The most dominant interpretation of this throughout church history is the substantive view, which sees the image of God as some kind psychological, moral, rationale, or (in some cases) even physical reflection in man.[4] Other theologians have seen it as the experiencing of a relationship (relational view)[5] or the carrying out of the function of human dominion of planet earth (functional view).[6] While it is possible that all of these aspects have something to do with the true meaning of the image of God, what we do know for sure is that the image of God in man is universal and no one person seems to have “more” of it than another; indeed, the image of God is from God and remains untarnished by the fall despite what human sins and failures may be. Being made in the image of God means that there is some kind of substantive aspect in ourselves that enables us us to actively and functionally fulfill our destiny to reflect the character and dominion of God in this world.[7]


[1] Genesis 1:27

[2] Millard J. Erickson, Christian Theology, 2nd ed. (Grand Rapids, MI: Baker Publishing Group, 1998), 459.

[3] 2 Corinthians 3:18

[4] Millard J. Erickson, Christian Theology, 2nd ed. (Grand Rapids, MI: Baker Publishing Group, 1998), 461.

[5] Ibid., 463.

[6] Ibid., 465.

[7] Ibid., 470.

Philosophy VS Theology

It is unfortunate that theology and philosophy share such a strained relationship because theology should be more accurately understood as a partial subset of philosophy. Both philosophy and its subsets (ontology, metaphysics, ethics, and so on) share identical questions and answers with religions, they are essentially the same issue; that is, a Biblical faith or a Christian worldview should itself be seen as a philosophical category. Because theology incorporates aspects of history as well as literary interpretation, perhaps theology in the most general sense merely overlaps with philosophy like a Venn diagram; on the other hand, secular philosophy itself also has a history and also is based largely in the written texts of philosophers long departed. The key distinction in this writer’s perception is that philosophy is generally seen as more scientific or academic (or at the least, more rational) whereas theology is perceived in the culture at large as largely speculative and subjective. This dichotomy represents a larger rift in our cultural consciousness, that of the gap between faith and reason or between religion and science. In this case, the gap between theology (most particularly systematic theology and apologetics) and philosophy is an artificial one because both disciplines use the same apparatus (the mind, writings of earlier thinkers, science, cultural exegesis) and seek the same answers. The only true difference is theology’s claim to supernatural revelation, which is itself a particular of its philosophy.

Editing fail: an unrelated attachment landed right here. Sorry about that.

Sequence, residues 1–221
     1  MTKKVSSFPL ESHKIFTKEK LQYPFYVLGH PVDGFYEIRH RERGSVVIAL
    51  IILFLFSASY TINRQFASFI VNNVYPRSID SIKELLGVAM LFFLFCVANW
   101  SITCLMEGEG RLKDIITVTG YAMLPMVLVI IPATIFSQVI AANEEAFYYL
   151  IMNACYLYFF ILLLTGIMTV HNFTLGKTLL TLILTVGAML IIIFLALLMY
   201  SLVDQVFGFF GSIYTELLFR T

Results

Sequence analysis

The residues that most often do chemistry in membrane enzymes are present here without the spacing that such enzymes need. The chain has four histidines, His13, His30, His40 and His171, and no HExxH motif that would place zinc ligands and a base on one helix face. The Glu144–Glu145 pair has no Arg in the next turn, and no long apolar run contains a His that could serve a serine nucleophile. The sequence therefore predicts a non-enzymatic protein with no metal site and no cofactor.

Egyptian and Persian Influences on the Bible

A friend of mine recently drew my attention to this article, and in response I had a few thoughts…

a. Regarding the entire article. I believe in the supremacy of grace over karmic religion on account of the resurrected Christ. I do not believe in the strict exclusivity of truth or revelation in the Christian religion itself. It is interesting to note the similarities (and quite possibly even the borrowing) between religions. If what we say (that “all truth is God’s truth”) is true, how could we expect otherwise? The Bible was not (as the author noted) written in a historical vacuum. To note its influences should only make our understanding and appreciation of it richer.